State New Iowans committee calls for ban on human trafficking, expanded ESL teaching
On the heels of a recent public hearing conducted in Storm Lake, a legislative study committee on New Iowans on Monday issued a stack of recommendations calling for efforts to better assimilate immigrants.
Key points include a specific ban on human trafficking as a means to target those who profit on the dangerous practice of smuggling illegal immigrants, and a call for expanded efforts to teach English as a Second Language.
The committee is also calling for new incentives to increase the number of police officers, teachers and medical personnel who are trained to be bilingual.
Local state representative Mary Lou Freeman served on the committee, which she said was originally assembled to look into workforce development, but later expanded on its social role.
While some federal lawmakers are speaking of issues such as barbed-wire fences across the U.S./Mexico border, Freeman said her group looked for the upside in Iowa immigrants.
"We need to do something positive," she said. "It's easy to get the headlines with negative things. Our feeling is to let the feds take care of their own problems and focus on improving people's situation in Iowa."
That process got a headstart in Storm Lake, one of Iowa's first communities to deal with major immigration. "Programs like Head Start and after-school academies in Storm Lake should serve as the model for the rest of the state to follow," Freeman said. "I can tell you that all of the commissioners were wholeheartedly very impressed with what they found going on in Storm Lake.
"Immigration has been a challenge in Storm Lake, but the community has risen to the challenge."
A strong consensus by the committee was the need for bilingual public services, especially in police and public safety. At the last moment on Monday, the committee decided to add the medical field to police and education as areas to recommend incentives.
"We need some way to attract bilingual people to some of the more rural or low-income city areas," Freeman said.
The recommendations that the committee will pass to the governor would certainly help in Storm Lake, Freeman feels, in expanded periods for English as a Second Language students and in help for adult ESL programs.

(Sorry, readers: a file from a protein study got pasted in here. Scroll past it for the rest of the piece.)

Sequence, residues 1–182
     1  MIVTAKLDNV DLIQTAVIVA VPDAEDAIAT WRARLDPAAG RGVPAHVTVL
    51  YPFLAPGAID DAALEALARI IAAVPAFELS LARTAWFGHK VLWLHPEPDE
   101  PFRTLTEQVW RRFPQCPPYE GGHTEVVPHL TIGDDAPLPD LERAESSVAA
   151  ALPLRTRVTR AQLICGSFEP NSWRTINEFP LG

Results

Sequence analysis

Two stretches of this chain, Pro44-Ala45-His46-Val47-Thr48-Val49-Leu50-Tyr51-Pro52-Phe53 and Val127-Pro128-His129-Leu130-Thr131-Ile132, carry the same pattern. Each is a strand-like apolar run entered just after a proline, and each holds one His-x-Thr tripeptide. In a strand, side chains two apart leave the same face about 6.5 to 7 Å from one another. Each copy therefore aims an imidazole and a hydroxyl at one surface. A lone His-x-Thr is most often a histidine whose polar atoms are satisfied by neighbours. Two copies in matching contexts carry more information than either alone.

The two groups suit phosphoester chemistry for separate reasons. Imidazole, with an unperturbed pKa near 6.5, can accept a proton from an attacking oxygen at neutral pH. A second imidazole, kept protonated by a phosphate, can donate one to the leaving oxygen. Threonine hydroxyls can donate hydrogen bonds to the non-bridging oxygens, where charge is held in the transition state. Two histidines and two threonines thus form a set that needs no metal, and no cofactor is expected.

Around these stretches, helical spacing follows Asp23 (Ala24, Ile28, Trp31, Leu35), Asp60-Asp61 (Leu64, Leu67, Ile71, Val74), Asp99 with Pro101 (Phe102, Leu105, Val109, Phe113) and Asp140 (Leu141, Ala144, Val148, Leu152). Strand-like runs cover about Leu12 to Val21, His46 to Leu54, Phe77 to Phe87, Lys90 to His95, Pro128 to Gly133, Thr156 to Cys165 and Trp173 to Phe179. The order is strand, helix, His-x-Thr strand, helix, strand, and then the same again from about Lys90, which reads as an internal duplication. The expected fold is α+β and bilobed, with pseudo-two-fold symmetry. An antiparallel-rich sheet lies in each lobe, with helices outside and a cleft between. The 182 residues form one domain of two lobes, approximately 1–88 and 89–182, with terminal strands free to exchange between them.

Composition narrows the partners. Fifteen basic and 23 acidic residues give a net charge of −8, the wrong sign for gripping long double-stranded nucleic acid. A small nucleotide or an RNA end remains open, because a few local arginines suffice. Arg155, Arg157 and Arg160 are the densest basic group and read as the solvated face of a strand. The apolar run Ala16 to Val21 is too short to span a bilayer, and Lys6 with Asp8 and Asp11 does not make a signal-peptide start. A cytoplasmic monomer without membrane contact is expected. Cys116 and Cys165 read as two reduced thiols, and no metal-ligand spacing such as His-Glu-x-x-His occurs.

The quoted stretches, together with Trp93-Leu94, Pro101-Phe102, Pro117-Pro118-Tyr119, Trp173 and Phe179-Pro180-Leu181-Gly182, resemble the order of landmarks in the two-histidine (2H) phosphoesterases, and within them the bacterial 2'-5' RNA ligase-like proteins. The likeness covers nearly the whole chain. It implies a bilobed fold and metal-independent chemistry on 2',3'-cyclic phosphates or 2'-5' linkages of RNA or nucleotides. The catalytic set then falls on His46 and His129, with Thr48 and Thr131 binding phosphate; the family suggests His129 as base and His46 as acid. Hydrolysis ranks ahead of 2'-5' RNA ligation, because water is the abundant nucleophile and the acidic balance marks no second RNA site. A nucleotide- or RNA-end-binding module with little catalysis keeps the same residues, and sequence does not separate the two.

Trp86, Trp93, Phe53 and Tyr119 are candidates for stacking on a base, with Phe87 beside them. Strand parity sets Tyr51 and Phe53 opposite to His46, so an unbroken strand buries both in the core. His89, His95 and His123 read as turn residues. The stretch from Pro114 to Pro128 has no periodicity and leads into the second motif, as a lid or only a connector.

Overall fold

The committee did dodge one divisive issue - driving rights and mandatory ID cards for new immigrants. They will instead ask the governor to convene a more in-depth study on those issues.
If there is one thing lacking in the recommendations, Freeman admits, it is attitude to go with the mechanics of positive immigration. "We will need to make it easier for the communities to accept the new Iowans, and that will mean things like mentoring, and new ways to help them learn how to properly use our health system."
Sen. Joe Bolkcom, D-Iowa City, co-chairman of the committee, said there's broad criticism of the nation's immigration laws, but little the Legislature can do about those. That means lawmakers should focus on areas where they can have an impact, he said.
The committee also held hearings in Des Moines, Ottumwa and Davenport - all cities which have seen a sharp increase in immigrants, particularly Hispanics - to gather public comment on the state's immigration laws.
"The Iowa communities affected by new Iowans thus far are clearly telling us that the first thing the state needs to do is expand efforts to help people learn English," said Bolkcom.
The recommendation would expand English programs in elementary and secondary school, but also calls for additional preschool and adult training.
"As you go up in age, it is more difficult," said Sen. Maggie Tinsman, R-Davenport.
While most of the discussion was about teaching children, Rep. Jim Hahn, R-Muscatine, said lawmakers must also find ways to help adults become fluent in the language.
"I think it's important that we try to get it to people who are older," said Hahn. "We've got programs out there that we could build on."
Sen. Matt McCoy, D-Des Moines, said pressure to increase spending on language training programs has grown since the Legislature passed a measure declaring English the official language of the state.
"If we are going to say that, we ought to put our money where our mouth is," said McCoy.
Tinsman pushed for the ban on human trafficking, saying she met with State Department officials who urged states to pass laws on the issue.
While Congress passed an anti-trafficking measure in 2002, federal officials are swamped with immigration issues, she said.
"They can't possibly police the whole United States," said Tinsman.
She said nine states have passed similar laws, including Illinois, Missouri and Kansas in the Midwest.
"We have to make a strong statement that we will not tolerate slavery," said Tinsman. "We need to make our communities aware, and we need legislation."
Freeman agreed. "This was an eye-opening experience."